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|Story||The Ubuntu Desktop Consumer Product||srlinuxx||26/11/2009 - 3:02pm|
|Story||What price Freedom?||srlinuxx||26/11/2009 - 3:01pm|
|Story||A reflection: How we made Amarok 2.2.1||srlinuxx||26/11/2009 - 2:59pm|
|Story||FreeBSD 8.0 Review: Enterprise Ready Server Operating System||srlinuxx||26/11/2009 - 2:57pm|
|Story||Ulteo Open Virtual Desktop 2.0 released||srlinuxx||26/11/2009 - 2:56pm|
|Story||You always can install things yourself…||srlinuxx||26/11/2009 - 2:54pm|
|Blog entry||Paranoia and criticism, how it was meant and how it is taken||bigbearomaha||6||26/11/2009 - 1:14pm|
|Story||Using eBox As A Windows Primary Domain Controller||falko||26/11/2009 - 12:25pm|
|Story||today's leftovers:||srlinuxx||26/11/2009 - 5:27am|
|Story||KOffice 2.1 released, ups Microsoft Office compatibility||srlinuxx||1||26/11/2009 - 4:48am|
News reports out of LinuxTag late last week have Andrew Morton, the second highest ranking Linux kernel developer, calling for a bug-fixing cycle to cut down on the growing number of bugs found in the latest kernel release. NewsForge contacted the number one man on the Linux project, Linus Torvalds, who acknowledged it might be the right time for a "bug cycle.
I couldn't wait. I grabed the OpenSuSE 10.1 isos and burned them on 5 cds. I prepared a test partition on my laptop (5.5GB) and inserted the first cd. The first thing you notice is the welcome screen. Is different from 10.0, more polished, nicer ...
Using Debian Sarge (stable) with "testing" and "unstable" is not always the best idea, as in order to get a package not present in Sarge you might need to make a massive update of libs, thus having a mixed system, not quite Sarge anymore. However, you can use at times some packages from the "testing" and "unstable" — just don't forget to check first the backports repositories!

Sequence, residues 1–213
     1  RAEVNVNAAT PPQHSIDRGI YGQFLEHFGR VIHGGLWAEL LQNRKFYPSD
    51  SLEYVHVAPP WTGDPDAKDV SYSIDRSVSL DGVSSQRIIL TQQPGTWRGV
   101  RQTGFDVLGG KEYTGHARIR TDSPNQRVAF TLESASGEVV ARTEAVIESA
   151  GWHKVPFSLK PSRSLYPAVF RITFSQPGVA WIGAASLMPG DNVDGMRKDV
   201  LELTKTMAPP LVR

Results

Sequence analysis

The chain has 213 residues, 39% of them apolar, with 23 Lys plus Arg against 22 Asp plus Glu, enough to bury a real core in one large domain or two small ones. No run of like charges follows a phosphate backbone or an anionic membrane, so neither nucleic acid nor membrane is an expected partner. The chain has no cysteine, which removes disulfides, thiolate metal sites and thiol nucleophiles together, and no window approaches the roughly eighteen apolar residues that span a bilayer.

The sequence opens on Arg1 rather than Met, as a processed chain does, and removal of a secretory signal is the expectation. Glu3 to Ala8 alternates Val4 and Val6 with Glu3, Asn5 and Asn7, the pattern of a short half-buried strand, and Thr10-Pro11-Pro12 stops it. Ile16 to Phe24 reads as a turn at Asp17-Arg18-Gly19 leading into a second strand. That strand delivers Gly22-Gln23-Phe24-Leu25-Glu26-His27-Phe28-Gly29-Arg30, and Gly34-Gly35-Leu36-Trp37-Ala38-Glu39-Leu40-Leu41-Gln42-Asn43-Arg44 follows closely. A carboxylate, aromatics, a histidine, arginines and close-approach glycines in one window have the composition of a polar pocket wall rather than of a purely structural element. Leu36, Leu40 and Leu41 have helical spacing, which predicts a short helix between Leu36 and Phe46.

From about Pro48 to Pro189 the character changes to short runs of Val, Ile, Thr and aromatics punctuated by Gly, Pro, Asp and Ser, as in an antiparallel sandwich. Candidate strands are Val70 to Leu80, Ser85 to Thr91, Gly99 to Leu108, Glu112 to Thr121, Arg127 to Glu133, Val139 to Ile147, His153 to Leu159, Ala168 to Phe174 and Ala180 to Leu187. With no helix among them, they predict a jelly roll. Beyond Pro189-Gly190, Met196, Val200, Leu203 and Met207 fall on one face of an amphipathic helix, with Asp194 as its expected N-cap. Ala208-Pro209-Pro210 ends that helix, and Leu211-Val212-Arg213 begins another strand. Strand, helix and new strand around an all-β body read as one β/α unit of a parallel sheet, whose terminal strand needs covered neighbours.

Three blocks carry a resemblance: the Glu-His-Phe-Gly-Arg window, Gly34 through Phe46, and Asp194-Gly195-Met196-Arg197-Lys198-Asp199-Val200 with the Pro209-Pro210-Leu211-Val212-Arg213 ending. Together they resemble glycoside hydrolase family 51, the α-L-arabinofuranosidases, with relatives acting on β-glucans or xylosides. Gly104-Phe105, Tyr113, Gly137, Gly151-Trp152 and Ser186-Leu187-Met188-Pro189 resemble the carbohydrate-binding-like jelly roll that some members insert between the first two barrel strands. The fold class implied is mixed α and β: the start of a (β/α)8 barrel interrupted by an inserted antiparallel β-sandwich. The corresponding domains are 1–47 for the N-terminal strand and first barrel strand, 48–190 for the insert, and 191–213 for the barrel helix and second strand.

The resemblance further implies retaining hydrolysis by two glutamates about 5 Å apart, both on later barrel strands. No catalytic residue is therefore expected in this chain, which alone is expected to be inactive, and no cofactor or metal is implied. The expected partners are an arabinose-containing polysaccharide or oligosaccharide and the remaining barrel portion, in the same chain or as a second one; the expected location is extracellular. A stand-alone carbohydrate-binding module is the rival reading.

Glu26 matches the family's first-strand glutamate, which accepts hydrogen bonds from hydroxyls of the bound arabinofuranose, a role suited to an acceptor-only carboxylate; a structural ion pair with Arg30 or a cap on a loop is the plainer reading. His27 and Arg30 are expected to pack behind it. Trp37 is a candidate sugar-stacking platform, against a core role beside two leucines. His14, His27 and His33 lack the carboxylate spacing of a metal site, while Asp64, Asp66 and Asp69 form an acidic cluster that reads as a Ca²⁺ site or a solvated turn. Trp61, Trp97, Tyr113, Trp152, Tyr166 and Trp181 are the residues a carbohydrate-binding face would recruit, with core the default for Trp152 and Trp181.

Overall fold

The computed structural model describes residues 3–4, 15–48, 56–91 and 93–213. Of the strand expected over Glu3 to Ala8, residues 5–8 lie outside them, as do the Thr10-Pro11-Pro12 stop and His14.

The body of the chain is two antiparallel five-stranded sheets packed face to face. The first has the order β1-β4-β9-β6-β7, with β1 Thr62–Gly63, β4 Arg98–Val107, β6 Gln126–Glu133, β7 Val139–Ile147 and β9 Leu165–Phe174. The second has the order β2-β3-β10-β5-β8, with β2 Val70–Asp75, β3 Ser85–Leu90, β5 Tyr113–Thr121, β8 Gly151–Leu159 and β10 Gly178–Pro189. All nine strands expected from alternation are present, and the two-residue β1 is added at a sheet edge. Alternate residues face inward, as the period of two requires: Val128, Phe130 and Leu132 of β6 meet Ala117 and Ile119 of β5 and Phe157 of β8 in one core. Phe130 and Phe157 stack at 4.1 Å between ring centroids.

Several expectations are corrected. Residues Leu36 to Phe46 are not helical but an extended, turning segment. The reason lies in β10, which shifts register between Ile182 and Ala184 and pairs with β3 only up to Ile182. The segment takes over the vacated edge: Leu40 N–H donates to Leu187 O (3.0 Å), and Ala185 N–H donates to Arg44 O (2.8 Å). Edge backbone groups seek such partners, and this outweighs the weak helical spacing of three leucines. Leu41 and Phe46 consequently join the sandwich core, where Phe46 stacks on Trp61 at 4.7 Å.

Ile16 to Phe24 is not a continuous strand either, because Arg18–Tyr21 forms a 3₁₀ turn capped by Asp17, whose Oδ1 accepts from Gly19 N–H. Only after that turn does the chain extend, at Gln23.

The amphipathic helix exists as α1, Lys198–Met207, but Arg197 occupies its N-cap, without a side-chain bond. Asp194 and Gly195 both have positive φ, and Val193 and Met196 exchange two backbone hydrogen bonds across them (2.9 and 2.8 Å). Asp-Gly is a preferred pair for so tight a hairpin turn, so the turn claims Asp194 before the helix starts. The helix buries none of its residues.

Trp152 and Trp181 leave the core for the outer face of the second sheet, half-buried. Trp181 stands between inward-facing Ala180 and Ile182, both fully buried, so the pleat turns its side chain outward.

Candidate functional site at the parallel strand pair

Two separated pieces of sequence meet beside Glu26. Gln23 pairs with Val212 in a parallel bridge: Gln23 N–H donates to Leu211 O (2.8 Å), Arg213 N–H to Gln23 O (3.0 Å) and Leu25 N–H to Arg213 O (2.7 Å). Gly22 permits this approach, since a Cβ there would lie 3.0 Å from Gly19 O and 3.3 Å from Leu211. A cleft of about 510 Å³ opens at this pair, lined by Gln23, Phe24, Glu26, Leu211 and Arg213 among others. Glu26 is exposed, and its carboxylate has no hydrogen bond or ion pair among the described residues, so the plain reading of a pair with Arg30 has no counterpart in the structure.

In his keynote address at the LinuxTag conference, Ubuntu head Mark Shuttleworth not only spoke about his concept of Open Source software, but also revealed a few details about the new version of the Linux distribution he initiated.
Now that I have written so much about Linux kernel, I realize that many people reading those articles do not even know how to compile them. To start, you should have kernel code to compile (a fairly logical step). You can download it or copy it from /usr/src directory, make modifications and save it back to some directory.
In a somewhat surprise move, the developers of Damn Small Linux have announced a new edition of their popular mini-distribution for older computers - DSL-N, or "Damn Small Linux Not". The two lead developers, Robert Shingledecker (on the left) and John Andrews, have kindly agreed to answer a few questions about the new product.
The OpenOffice.org productivity project is looking to take advantage of Microsoft Corp's latest piracy crackdown to promote its open source Office alternative, pointing out that it could be the quickest and cheapest way to get legal.
The auto complete feature of the Bourne Again SHell makes bash one of the most loved and newbie-friendly Linux shells. Just by pressing the Tab key you can complete commands and filenames. Press the Tab key twice and all files in the directory get displayed. But you can do more with autocomplete...